Since Steve Yzerman took over as general manager of the Tampa Bay Lightning in May 2010, there have been many moves and transactions. A lot of these moves were good, some were ok, and few were bad. He’s set up the Tampa Bay Lightning to be a dynasty franchise for years to come, even if there are some tough decisions ahead that are forced upon Yzerman by the nature of the salary cap.
With success usually comes salary cap trouble. For example, the Chicago Blackhawks are now being hamstrung by their contracts for Jonathan Toews, Patrick Kane, Marian Hossa, and Corey Crawford. They’re still a good team, but they could be an even better team if those contracts were a little more manageable.
After reading this article by Matt Larkin about Yzerman’s rise from elite player to elite General Manager, one comment struck me. Larkin said “He’s built a track record of someone who rarely makes a bad decision – whether at the draft podium, on a trade or at the negotiating table.”
Larkin goes on to list just a few of the good and the bad decisions, but it got me thinking about some of the other decisions that were not mentioned and how they worked out, or didn’t work out, for the organization. I thought I’d take a look at some of these decisions and grade them. While there are too many small, inconsequential transactions to cover, I’ll be going through as many as I reasonably can.
Hiring Head Coach Guy Boucher
What happened: Needing a new coach, Steve Yzerman hired rookie head coach Guy Boucher on June 10th, 2010. Boucher was a hot commodity and much sought after, but ultimately Yzerman landed him. Boucher’s 1-3-1 neutral zone strategy was a success in his first season, and the Lightning made it to Game 7 of the Eastern Conference Finals in 2010-11. The downfall of Boucher is that he was inflexible in his approach. While the talent level on the team suffered after the 2010-11 season, he was unable to keep the momentum going and was released during the 2012-13 season.
The 2010 Draft
What Happened: With no time to get his own scouting staff into place, Yzerman was left with the previous regime’s scouting staff. It’s up for debate how much impact Yzerman had in the draft selections. Brett Connolly was a miss in the first round at 6th overall. Radko Gudas has turned into a NHL defenseman, though recently he leaves something to be desired with his dirty plays. Outside of those two players, no player from that draft remains in the Lightning system, though Brendan O’Donnell did sign a contract with the Lightning’s ECHL affiliate, the Kalamazoo Wings.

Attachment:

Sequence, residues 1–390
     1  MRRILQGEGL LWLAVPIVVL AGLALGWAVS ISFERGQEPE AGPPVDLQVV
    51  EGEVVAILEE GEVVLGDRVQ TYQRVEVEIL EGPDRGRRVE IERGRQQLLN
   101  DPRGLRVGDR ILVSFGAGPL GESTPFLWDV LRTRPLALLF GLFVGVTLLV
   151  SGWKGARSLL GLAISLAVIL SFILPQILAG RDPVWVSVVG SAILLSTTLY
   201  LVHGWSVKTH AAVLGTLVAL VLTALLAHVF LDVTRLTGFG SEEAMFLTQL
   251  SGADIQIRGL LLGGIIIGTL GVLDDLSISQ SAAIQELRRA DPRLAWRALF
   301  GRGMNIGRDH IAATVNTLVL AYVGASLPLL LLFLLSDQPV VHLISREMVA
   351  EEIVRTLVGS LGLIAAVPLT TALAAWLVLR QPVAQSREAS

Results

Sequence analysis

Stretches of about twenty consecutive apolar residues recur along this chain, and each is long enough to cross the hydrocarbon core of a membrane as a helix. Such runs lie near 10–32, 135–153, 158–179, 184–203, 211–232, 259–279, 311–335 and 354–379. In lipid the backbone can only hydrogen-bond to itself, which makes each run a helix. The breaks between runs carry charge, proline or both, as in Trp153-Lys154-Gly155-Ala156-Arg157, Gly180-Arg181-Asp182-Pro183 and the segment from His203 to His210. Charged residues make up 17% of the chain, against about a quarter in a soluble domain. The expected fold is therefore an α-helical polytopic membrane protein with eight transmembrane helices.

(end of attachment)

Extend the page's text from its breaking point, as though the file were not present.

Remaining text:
Traded Andrej Meszaros to Philadelphia for a 2012 2nd Round Pick
What Happened: Meszaros signed a six-year deal with the Lightning with an annual average value of $4 million. It was a back-loaded contract with the Lightning paying $2.5 and $3.25 million in the first two years. The contract then went to $4 million in years 3 and 4, and $4.75 and $5.5 million in the last two years. Yzerman was able to move the majority of the money owed and still got a 2nd round pick. Meszaros only contributed 34 points over the first two seasons, after averaging 36 points in the previous three seasons with the Ottawa Senators. Meszaros did bounce back with Philadelphia, but Yzerman got out of a bad contract by the previous regime and got a good draft pick in return.
Re-Signed Martin St. Louis to a 4 year contract
What Happened: While Martin St. Louis’ time in Tampa didn’t end all that well, Yzerman did sign him to a very reasonable deal averaging $5.625 million per year for four years. He signed him while St. Louis still had a year left on his previous contract, well before he could become an unrestricted free agent. Over the first three years of that contract, St. Louis put up seasons of 74, 60, and 61 points before being traded to the New York Rangers.
Signed Pavel Kubina to a 2 year contract
What Happened: Needing a solid defenseman that could mentor Victor Hedman and a replacement for Andrej Meszaros, Yzerman brought Pavel Kubina back to Tampa. Kubina had left the Lightning prior to the 2005-06 season as a free agent. He played with the Toronto Maple Leafs for three seasons and the Atlanta Thrashers for one. The contract for Kubina was worth $3.85 million per year, and he put up 23 and 11 points before being traded to Philadelphia. Kubina already had his name on the Cup with the Lightning, and returning home, he provided a solid blue line presence and an example for Hedman.
Hired Julien BriseBois as Assistant GM
What Happened: BriseBois came to the Lightning from the Montreal Canadiens organization where he had been involved in legal affairs and was the general manager of their AHL affiliate. He has that same responsibility and more with the Lightning. He is intimately involved in CBA issues, contract negotiations, and salary cap management. He is one of Yzerman’s right hand men and is an important part of his brain trust. His name has come up occasionally as a general manager candidate and it probably won’t be long before he gets his shot at running a franchise.